Dealing with the critical vulnerability

On Saturday June 6, 2020, I informed the Grin security team. Judging purely from the explosion in 42-cycles, I suggested that an attacker might get an efficiency advantage of between a million and a billion.
With the hard fork coming up in mid-July, we decided to implement a silent fix, disguised as a PoW code refactoring.
This came with the risk of a chain split, so we decided to run monitoring nodes with the fix in place in several timezones, that would trigger alerts if invalid blocks were relayed.
In that event we were prepared to disclose the fix and contact major pools and exchanges to urge them to apply the one line fix as soon as possible.

The PoW refactoring Pull Request #3365 [5] was published on June 24 and merged 4 days later.
Thankfully, the monitoring nodes remained silent.
On Jul 17 2020, at block height 786240, the network successfully upgraded to v4.0.0.

It’s important that the new code judges Cuckatone29 solutions to be invalid, even after the succesful migration to Cuckarooz29. Otherwise, an attacker could use their ability to cheaply generate high-difficulty Cuckatone29 solutions to
perform a months deep re-org. Although the re-org would lack any primary C31+ blocks, the secondary scale would merely be driven down to its minimum value of 13, which is only 2 orders of magnitude below recent values.

Fix details

The PoW code refactoring includes the addition of
a node_mask field to the CuckooParams struct, which is set in the
constructor from an additional node_bits parameter:

    pub fn new(edge_bits: u8, node_bits: u8, proof_size: usize)
                               -> Result<CuckooParams, Error> {
        let num_edges = 1u64 << edge_bits;
        let edge_mask = num_edges - 1;
        let num_nodes = 1u64 << node_bits;
        let node_mask = num_nodes - 1;

The Cuckaroom29 struct is then created as

     let params = CuckooParams::new(edge_bits, edge_bits, proof_size)?;

which passes edge_bits=29 for parameter node_bits.

How easy is Cuckarone29?

All existing efficient Cuckoo solvers rely on edge trimming,
which is only feasible because the expected number of cycles is small.
In a Cuckarone graph, most nodes are part of many cycles, so few edges can be trimmed.

Just throwing away half of the 2^29 edges in the Cuckarone29 graph reduces it to a
Cuckaroom28 graph. That gives a speedup of 2x over solving it as a Cuckaroom29 graph.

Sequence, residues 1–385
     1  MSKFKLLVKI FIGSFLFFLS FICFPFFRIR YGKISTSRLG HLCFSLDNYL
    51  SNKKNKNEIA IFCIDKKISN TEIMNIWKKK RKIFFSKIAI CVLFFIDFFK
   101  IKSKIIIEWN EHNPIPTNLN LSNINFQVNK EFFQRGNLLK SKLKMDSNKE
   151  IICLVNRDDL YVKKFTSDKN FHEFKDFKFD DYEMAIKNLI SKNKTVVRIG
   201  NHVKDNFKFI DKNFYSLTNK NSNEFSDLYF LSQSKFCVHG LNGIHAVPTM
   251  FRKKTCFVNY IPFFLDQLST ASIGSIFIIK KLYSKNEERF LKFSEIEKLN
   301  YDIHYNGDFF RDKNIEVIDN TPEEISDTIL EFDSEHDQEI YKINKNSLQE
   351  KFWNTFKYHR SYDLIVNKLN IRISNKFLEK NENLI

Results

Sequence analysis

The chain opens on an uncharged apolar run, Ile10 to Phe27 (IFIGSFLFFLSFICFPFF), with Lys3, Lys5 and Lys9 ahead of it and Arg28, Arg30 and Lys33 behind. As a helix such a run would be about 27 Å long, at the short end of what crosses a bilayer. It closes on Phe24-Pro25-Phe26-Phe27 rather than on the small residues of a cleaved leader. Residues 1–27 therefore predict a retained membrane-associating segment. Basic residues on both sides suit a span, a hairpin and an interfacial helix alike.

For much larger speedups, of well over 1000x, the following method looks like it should work.

The single source double tree algorithm

We build an efficiently indexible representation of the graph in which each node has room to store up to 4 incoming edges and up to 4 outgoing edges. Then it picks a single node v that has at least 4 incoming and 4 outgoing edges.
It can be shown that the expected number of 42-cycles going through v is at least 2^14.
We then build, layer by layer, a tree of incoming paths each of length 21, and a tree of outgoing paths each of length 21.
Denote the set of nodes found to have 21-paths to v as U, and the nodes reached by 21-path from v as W. With the average in- an out-degree of the original graph equal to 2, we expect U and W to be of size at least 2^21, which is 1/128 of all nodes.
We then expect U and W to intersect in at least 2^21/128 = 2^14 nodes. These common nodes can be efficiently enumerated as can their paths to and from v, each forming a 42-cycle. These must still be filtered for self-intersection, but the vast majority will survive. The total effort to generate these roughly 2^14 42-cycles through v is proportional to size of the double trees, or about 2^24. If none of the 42-cycles meets the network difficulty, then the process can be repeated with a different v.




Luckilly no one (appart from you) noticed.
On the plus site, nice invention of a new PoW.

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:pray: :pray:God Save The Grin :crown: :crown: :crown:


Which God do you mean?

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He probably means @God


Ah makes sense, now you say it :neutral_face:


Thank you @tromp for disclosing the process to the public :+1:

I really hope we will find you a “sparring partner” with the deep knowledge you have designing the “Cuck*$algorithm*” for a second pari of :eyes:

Thank’s also to @joltz which proofs the security team lead decision was chosen wisely.